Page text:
Buying a home can be very exciting. But it can also be scary if you're not sure if it is the right decision for you and your family. Many factors go into whether it makes more sense to buy or rent. Here are four things you should have before you take the plunge into homeownership. If you have them, buying may be a smart move.
1. An Emergency Fund: If you have avoided or paid off debts, your credit is healthy and you are saving for retirement, you may feel good about your financial situation. Before buying a home though, it's important to go another step further: Focus on building up an emergency savings fund.
While everyone should really have an emergency fund to cover unexpected costs, it's especially important to homeowners. This should be in addition to the money you plan to use as a down payment. If you have enough liquid cash to cover three to six months of your living expenses, you are much more prepared for homeownership. This way, in case your steady income is interrupted, you can still afford mortgage payments while you get back on your feet.
2. A Proven Ability to Stick to a Budget: A track record of maintaining a budget can be a good sign. Since you already have a budget, try adjusting it to fit your new financial life as a homeowner before you buy. This should include mortgage payment, utility bills, homeowners insurance, property taxes, maintenance and upkeep costs. It's a good idea to even try living on that new mock budget for a few months. If you can do that comfortably, it may be a good time to buy.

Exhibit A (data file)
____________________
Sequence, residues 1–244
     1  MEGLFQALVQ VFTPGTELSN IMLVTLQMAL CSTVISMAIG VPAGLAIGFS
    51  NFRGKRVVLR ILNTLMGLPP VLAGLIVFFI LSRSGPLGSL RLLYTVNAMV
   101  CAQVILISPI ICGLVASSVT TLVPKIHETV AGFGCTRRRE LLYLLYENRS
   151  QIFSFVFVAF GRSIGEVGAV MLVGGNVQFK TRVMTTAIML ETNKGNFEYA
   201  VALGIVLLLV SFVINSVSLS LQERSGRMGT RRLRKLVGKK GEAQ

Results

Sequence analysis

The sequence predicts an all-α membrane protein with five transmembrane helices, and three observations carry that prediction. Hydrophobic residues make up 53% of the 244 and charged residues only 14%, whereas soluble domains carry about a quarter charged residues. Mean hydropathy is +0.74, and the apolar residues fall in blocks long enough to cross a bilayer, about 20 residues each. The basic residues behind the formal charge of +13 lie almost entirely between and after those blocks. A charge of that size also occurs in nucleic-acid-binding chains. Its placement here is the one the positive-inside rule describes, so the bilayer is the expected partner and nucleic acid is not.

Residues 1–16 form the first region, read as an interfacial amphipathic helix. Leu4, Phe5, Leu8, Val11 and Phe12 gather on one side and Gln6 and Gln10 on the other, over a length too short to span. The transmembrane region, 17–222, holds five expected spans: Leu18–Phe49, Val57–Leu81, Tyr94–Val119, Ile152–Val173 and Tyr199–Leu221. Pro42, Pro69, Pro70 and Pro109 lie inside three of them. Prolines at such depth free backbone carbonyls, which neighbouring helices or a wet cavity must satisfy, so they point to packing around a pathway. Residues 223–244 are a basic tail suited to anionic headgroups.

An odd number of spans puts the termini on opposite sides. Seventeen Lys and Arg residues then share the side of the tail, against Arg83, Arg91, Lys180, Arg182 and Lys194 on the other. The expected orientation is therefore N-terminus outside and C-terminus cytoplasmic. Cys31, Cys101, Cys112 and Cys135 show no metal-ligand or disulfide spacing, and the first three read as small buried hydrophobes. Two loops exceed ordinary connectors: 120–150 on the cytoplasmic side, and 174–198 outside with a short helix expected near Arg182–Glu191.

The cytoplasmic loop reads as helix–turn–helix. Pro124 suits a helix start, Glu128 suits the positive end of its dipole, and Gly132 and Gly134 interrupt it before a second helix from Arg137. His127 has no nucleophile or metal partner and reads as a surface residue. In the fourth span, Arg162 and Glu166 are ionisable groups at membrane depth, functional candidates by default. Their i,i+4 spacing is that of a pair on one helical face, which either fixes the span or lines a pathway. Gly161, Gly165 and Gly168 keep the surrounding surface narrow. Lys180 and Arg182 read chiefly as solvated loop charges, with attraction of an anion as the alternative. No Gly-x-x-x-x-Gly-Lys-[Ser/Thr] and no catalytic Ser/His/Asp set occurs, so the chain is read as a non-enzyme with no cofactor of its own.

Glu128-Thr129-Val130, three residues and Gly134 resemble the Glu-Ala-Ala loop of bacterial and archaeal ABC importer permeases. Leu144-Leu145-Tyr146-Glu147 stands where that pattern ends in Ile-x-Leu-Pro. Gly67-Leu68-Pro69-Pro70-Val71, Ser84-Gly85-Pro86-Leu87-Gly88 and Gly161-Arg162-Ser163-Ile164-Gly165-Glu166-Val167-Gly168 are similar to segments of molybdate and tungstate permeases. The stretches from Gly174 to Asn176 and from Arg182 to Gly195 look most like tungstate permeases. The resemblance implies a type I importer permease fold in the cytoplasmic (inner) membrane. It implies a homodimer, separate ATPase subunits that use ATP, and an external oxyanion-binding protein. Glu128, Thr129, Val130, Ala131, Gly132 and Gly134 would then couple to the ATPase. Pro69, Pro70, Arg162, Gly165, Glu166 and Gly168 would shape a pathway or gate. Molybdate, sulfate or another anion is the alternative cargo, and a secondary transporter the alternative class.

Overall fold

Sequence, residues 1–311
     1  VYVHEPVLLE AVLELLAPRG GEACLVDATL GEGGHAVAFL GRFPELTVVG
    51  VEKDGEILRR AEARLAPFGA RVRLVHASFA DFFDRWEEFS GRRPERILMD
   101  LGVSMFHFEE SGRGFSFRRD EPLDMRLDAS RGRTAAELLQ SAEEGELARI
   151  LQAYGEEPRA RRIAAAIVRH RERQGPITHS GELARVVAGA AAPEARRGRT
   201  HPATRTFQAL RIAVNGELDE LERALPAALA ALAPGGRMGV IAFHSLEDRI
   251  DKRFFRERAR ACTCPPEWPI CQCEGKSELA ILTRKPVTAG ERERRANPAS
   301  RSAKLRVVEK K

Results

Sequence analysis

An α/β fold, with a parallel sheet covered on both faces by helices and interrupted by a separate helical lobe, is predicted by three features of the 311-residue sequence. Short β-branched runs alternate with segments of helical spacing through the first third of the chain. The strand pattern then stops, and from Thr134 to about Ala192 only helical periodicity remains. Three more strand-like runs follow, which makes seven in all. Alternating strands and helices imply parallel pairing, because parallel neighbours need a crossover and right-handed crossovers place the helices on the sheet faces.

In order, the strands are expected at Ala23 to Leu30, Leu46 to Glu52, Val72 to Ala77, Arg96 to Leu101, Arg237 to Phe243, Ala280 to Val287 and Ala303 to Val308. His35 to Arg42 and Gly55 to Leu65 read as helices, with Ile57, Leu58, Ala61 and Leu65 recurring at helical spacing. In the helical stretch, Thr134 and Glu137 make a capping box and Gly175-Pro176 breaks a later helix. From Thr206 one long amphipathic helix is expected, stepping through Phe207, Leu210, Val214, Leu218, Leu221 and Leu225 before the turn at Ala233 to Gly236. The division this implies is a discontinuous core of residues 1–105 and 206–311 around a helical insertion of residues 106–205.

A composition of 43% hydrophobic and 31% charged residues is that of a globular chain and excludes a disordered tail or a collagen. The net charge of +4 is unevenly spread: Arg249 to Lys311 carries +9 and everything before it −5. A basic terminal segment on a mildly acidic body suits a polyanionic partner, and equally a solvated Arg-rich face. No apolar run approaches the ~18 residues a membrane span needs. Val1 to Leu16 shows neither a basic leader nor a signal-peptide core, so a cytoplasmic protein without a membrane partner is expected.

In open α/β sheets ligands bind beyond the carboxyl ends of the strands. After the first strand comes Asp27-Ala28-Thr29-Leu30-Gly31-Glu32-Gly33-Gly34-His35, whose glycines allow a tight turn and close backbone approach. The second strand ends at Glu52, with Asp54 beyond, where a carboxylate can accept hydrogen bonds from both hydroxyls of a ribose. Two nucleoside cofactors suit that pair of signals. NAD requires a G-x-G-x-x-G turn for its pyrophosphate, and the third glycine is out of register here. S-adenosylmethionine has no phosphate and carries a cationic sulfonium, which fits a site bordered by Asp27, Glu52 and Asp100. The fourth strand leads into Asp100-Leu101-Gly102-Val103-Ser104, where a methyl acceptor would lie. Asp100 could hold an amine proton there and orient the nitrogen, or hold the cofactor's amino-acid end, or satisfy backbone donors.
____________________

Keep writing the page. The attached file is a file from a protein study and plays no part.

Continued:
3. A Steady Income: With mortgages usually 15 to 30 years in length, buying a home is a serious long-term financial decision. When calculating how much house you can afford a consistent income that covers monthly payments and miscellaneous home expenses is important. You may want to consider your other goals beyond buying a home. This may include how your financial situation will be affected if you plan to go back to school, start a family or change careers in the near future.
It's important to keep in mind the average time it takes to recoup your buying and selling costs is three to five years. If you sell before then, you risk losing money on the deal, so it's good to look at buying a home as a long-term commitment.
4. A Good Credit Score: When you go to a lender to apply for a mortgage, they will also look at your credit score in addition to your income. It's important to know where you stand before you actually apply for the mortgage, since there may be incorrect information on your credit reports that you can correct. And since your credit score will be a major factor in determining not only the interest rate you'll qualify for, but also whether a lender can even lend to you. (You can check your credit reports for free once a year -- here's how -- and you can see two of your credit scores for free on Credit.com.)